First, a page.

Supreme Headquarters Allied Powers Europe is marking its 70th anniversary this year and we are celebrating with an in-depth look into the North Atlantic Treaty Organisation (NATO). We will journey back in time to the very beginning of the Alliance and week-by-week give you a new window into this Transatlantic-multinational organisation.
The Power of NATO
The North Atlantic Treaty Organisation (NATO) is known throughout the globe as the world's strongest and most powerful Alliance; but where does NATO's power come from? Does the organisation have its own military forces or NATO troops? Simply put, no and yes. The Alliance counts on the military might of its 30 Allied and partner nations to support missions and operations around the world.
NATO doesn't have its own armed forces, but it has a permanent, integrated military command structure, comprised of both military and civilian personnel, from all member states. These staffs work collectively to achieve the same objectives.
While we may not have a NATO military, the Alliance benefits from being able to count on the military capabilities and expertise of each member country. Every nation brings something to the table including personnel, but also tanks, submarines even fighter jets.
Since 1949, NATO has increased its collective military power. Today it has the capability to count on nearly 3.5-million personnel, troops and civilian combined. Each member state agrees to contribute with different strategic weight and influence.
Allied Command Operations (ACO) led by Supreme Allied Commander Europe (SACEUR), is responsible for executing all NATO operations and missions, Deputy SACEUR coordinates troop contributions. When an operation or mission ends, multinational forces return to their respective countries.
When the North Atlantic Council (NAC) decides to carry out an operation, mission or exercise, NATO's military authorities propose a draft concept of operations (called CONOPS) that presents the minimum request of forces they are demanding in terms of equipment, work force and resources. This process is called force generation.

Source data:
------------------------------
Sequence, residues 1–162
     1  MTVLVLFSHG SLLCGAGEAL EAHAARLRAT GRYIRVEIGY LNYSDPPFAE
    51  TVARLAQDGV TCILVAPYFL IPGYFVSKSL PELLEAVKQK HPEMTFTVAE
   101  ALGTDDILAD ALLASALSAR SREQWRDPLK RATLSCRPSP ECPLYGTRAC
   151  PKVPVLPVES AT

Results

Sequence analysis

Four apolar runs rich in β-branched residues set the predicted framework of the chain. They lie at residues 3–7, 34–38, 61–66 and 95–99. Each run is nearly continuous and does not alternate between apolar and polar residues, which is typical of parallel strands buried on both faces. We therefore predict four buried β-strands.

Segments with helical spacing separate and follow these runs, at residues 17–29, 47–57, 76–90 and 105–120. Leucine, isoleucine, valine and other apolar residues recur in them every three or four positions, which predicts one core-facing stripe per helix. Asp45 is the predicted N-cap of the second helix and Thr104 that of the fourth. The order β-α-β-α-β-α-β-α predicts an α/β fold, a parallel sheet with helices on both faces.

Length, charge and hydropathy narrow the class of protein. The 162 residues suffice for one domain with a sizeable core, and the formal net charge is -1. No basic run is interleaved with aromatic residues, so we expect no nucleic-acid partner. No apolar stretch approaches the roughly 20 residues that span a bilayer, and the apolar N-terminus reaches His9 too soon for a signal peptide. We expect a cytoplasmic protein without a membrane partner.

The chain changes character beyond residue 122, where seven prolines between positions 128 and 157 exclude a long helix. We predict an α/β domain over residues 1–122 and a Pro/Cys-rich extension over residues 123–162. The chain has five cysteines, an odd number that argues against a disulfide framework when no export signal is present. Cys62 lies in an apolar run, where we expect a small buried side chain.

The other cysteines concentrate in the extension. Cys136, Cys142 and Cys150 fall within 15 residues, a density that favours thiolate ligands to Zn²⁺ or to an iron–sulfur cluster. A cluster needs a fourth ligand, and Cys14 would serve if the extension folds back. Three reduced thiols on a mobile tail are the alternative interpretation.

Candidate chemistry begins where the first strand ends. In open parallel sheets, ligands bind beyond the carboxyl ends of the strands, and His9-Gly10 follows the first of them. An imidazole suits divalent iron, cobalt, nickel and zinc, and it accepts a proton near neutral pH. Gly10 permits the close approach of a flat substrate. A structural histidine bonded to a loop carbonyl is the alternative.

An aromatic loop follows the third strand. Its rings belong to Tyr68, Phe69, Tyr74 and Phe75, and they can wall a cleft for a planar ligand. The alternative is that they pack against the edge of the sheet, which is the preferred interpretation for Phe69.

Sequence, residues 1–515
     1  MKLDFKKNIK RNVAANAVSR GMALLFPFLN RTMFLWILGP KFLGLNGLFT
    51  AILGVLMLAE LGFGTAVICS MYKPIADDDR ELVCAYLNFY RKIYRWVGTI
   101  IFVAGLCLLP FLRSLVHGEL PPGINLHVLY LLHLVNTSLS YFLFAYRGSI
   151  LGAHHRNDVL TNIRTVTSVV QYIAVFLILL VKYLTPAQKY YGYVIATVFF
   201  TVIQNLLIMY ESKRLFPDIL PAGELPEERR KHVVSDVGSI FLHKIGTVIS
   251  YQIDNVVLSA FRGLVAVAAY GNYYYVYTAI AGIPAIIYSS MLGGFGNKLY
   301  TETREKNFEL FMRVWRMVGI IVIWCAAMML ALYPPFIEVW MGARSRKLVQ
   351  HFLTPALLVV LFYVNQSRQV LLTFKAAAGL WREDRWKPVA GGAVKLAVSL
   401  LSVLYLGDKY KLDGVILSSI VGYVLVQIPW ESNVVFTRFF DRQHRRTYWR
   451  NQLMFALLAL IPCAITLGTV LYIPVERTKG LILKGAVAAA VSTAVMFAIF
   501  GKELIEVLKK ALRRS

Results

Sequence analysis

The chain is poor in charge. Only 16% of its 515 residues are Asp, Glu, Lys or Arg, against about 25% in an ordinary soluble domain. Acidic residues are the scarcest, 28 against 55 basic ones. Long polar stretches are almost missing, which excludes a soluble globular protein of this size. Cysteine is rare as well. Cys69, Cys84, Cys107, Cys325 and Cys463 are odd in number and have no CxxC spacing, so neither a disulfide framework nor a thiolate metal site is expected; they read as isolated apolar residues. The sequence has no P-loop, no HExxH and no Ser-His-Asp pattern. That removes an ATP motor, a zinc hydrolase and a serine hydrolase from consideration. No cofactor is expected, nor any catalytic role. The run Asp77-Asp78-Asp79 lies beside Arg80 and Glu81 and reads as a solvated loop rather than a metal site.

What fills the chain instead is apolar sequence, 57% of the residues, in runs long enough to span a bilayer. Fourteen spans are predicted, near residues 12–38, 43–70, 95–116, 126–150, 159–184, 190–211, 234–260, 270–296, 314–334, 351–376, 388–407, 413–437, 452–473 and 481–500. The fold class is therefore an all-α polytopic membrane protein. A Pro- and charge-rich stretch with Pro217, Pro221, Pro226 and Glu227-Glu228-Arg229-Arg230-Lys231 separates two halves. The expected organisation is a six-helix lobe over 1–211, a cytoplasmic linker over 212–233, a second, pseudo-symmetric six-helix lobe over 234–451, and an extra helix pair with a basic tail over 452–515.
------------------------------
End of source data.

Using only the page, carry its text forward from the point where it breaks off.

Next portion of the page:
The force generation process follows a standard procedure; this task involves Allied Command Operations, Force Generation Branch and National Military Representatives (NMRs). According to this procedure every Ally allocates the personnel and equipment necessary to carry out NAC approved operations and missions. National availability of founding is the final deciding factor on whether a nation will contribute or not.
Member countries make direct and indirect contributions to the costs of running NATO and implementing its policies and activities. One critical part of these contributions is indirect and comes through the Allies' participation in NATO-led operations.
Member countries cover the costs involved whenever they volunteer forces to participate in a NATO operation. For example, the cost for providing a fighter jet lies with the nation that makes it available. Allies in accordance with an agreed cost-sharing formula based on relative Gross National Income make direct contributions to NATO's common budgets. These contributions finance the costs of NATO's integrated structures, collectively owned equipment, such as the Airborne Warning and Control Systems (AWACS).
A recent statistic shows the number of NATO military personnel involved in operations and missions around the world: approximately 20,000 managing often complex ground, air and naval operations in a myriad of environments. NATO is leading operations in Afghanistan, Kosovo, Iraq, the Mediterranean and more.
The Alliance is also ensuring a strong-cohesive battle with the ongoing COVID-19 pandemic by transporting medical personnel and critical supplies, helping with construction of field hospitals to host patients affected by COVID and providing support for local authorities where NATO troops are deployed. NATO is always on the first line in response to global crises and disasters.
This is episode four of the SHAPE Public Affairs' series, "Knowing NATO". Following highlights will introduce NATO-owned assets and the intricacies of NATO exercises.